Would you dare pit your wits against today's 10-year-olds?

17th February 2012 at 00:00
Primary schools do a great job and youngsters' achievements are too often underestimated

Have you ever watched Are You Smarter Than a 10 Year Old? It's a TV quiz, fronted by Noel Edmonds, in which adults are assisted by a group of under-10s. The young ones really know their stuff and prove, more often than not, that the adult is most definitely not the smarter one. My own 10-year-old loves the programme and wants to take part - with me as the hapless adult. Unfortunately, I explained, the programme is not being recorded at the moment. I also said I was very disappointed. Perhaps a few of us are smarter than a 10-year-old?

But under-10s are impressive. They still have their youthful enthusiasm for learning, and their ability to acquire new skills and knowledge is quite remarkable. Most 10-year-olds are eager to please, usually remember their homework, and politely say "please" and "thank you".

Today's 10-year-olds are part of a generation born in the 21st century which has grown up with laptops, the internet and smartphones. They know all about apps and blogs. If you can't understand your new smartphone, ask a 10-year-old for help.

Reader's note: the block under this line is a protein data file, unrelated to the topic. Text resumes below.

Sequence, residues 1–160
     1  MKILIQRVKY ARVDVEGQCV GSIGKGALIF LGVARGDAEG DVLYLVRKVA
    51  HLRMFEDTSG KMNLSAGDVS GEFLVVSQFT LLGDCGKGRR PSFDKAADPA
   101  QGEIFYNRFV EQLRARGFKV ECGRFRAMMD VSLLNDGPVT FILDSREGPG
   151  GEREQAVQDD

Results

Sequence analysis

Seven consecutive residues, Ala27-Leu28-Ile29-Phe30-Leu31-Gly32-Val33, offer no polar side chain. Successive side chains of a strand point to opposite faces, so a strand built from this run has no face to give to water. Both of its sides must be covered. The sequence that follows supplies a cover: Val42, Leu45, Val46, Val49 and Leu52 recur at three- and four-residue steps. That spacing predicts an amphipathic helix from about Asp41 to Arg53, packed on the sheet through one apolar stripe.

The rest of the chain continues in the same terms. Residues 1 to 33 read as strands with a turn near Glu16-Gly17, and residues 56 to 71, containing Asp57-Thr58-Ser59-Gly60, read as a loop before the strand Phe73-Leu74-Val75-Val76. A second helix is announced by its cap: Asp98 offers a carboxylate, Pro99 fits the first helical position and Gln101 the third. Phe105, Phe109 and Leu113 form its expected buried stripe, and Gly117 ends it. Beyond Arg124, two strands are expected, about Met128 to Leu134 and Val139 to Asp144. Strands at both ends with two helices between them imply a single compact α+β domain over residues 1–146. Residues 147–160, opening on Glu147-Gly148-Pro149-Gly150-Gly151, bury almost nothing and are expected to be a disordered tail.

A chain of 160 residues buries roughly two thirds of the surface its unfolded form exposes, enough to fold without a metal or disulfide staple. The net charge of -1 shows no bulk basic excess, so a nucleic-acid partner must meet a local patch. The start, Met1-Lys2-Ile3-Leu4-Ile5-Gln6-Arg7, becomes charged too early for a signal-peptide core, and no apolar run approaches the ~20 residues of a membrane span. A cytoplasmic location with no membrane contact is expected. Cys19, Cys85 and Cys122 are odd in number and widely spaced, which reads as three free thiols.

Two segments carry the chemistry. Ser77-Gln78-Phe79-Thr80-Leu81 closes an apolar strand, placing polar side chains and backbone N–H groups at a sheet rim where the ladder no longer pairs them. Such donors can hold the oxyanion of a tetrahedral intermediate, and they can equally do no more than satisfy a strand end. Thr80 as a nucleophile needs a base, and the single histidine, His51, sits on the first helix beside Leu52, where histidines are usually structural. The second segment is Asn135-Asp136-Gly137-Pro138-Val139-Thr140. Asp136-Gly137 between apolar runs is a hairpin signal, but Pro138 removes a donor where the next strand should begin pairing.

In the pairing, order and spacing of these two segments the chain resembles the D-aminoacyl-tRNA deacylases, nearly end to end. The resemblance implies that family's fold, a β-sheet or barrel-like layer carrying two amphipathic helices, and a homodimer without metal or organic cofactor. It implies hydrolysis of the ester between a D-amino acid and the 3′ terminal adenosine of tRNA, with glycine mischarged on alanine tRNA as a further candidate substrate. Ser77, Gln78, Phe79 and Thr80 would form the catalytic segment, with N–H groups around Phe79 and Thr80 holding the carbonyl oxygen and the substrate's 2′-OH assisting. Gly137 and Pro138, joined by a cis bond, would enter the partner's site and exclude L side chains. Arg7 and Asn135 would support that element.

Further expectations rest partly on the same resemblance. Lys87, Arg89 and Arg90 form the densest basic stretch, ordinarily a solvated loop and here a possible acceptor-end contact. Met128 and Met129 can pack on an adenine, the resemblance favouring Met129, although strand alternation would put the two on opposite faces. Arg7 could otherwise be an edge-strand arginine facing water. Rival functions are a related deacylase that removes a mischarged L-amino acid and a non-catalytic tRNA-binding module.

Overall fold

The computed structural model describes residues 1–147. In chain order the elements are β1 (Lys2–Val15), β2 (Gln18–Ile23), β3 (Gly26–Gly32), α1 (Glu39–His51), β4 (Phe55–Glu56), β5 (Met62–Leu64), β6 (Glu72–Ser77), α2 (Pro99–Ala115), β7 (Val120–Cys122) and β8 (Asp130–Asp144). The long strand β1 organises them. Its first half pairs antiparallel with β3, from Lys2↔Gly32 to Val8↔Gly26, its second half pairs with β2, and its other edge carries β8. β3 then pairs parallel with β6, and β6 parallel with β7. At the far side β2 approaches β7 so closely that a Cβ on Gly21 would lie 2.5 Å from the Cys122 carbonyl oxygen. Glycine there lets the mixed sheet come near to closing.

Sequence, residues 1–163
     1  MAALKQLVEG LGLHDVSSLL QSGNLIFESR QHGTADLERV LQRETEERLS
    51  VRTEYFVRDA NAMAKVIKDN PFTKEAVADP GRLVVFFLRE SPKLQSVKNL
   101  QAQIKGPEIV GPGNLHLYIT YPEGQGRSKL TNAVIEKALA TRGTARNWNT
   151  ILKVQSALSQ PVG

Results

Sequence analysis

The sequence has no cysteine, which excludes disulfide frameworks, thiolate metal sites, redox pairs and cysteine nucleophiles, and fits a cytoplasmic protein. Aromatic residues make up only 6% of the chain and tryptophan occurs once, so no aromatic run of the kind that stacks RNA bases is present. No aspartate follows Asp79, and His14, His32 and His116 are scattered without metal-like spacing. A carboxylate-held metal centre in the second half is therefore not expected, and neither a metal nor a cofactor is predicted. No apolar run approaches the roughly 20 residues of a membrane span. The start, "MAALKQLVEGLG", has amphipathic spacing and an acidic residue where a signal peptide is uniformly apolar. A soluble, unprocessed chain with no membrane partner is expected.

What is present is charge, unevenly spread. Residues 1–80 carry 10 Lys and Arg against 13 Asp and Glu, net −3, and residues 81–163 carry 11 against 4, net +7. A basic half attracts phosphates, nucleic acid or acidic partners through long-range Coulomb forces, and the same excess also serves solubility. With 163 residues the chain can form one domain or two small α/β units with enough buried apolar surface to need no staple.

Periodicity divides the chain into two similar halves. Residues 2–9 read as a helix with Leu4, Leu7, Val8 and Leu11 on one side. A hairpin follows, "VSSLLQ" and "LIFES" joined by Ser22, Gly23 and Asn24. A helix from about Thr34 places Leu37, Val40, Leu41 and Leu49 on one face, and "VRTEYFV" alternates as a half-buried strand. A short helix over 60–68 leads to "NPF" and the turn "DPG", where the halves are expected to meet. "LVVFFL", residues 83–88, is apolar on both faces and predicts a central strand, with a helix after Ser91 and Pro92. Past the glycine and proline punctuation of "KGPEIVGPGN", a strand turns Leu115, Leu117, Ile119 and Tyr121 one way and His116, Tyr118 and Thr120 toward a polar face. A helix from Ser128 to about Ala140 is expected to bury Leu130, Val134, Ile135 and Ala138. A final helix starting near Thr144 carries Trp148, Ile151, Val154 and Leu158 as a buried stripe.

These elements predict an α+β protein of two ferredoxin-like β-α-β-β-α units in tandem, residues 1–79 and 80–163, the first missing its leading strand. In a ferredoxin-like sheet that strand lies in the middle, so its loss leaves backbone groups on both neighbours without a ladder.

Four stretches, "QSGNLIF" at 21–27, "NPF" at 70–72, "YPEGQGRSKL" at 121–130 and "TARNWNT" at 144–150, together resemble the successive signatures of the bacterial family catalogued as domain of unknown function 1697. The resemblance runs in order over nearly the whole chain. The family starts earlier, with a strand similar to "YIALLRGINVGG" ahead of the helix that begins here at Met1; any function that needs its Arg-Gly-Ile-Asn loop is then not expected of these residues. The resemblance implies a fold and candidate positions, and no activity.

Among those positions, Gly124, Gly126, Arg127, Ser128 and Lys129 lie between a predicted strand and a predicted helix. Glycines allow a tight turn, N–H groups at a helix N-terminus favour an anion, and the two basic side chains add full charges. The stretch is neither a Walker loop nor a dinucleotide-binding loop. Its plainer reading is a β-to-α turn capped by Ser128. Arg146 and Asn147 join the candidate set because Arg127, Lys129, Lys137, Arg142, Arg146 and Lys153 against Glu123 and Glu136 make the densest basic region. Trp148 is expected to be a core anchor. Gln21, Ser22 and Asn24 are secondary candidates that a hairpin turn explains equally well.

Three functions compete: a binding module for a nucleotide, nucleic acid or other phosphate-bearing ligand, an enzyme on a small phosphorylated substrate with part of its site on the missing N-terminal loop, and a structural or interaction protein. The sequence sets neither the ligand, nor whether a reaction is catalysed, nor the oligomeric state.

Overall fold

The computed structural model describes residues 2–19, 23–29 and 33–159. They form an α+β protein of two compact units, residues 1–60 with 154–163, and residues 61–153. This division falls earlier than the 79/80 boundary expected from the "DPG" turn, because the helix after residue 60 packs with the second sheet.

And the knowledge that our 10-year-olds are acquiring is much more useful and interesting than the knowledge I remember acquiring when I was in P6. I'm still waiting to use, for example, all that stuff about the life-cycle of a fly which my primary teacher thought it necessary to teach me.

I think our primary schools are doing a brilliant job. Yes, of course, some could do this and that a bit better but, on the whole, our children leave primary school well educated and with a smile on their faces.

So, what happens in secondary school? Progress slows in too many cases, and with some readers and writers there is regression. Boys in particular are a problem. Hormones, of course, kick in and start to impair judgements and choices. And too many subjects, teachers and classrooms don't help. The constant changing of teaching groups just adds to the confusion. It's not surprising that so many pupils disengage.

After the age of 10, the dynamics of friendships seem to change and become more complex. Some pupils find it difficult to assess what's going on and fail to spot potentially destructive situations. Younger secondary pupils greatly miss the primary teachers and classroom assistants who were always ready and able to listen to what they had to say.

But as for 10-year-olds, they are just fine. They are big fish in small primary-school ponds, and they thrive on this. Unfortunately, my own 10- year-old has informed me that she has emailed Noel Edmonds and says her favourite quiz programme will be back soon. Gosh - perhaps even I'm not smarter than a 10-year-old.

John Greenlees, Secondary teacher. John Greenlees teaches geography.

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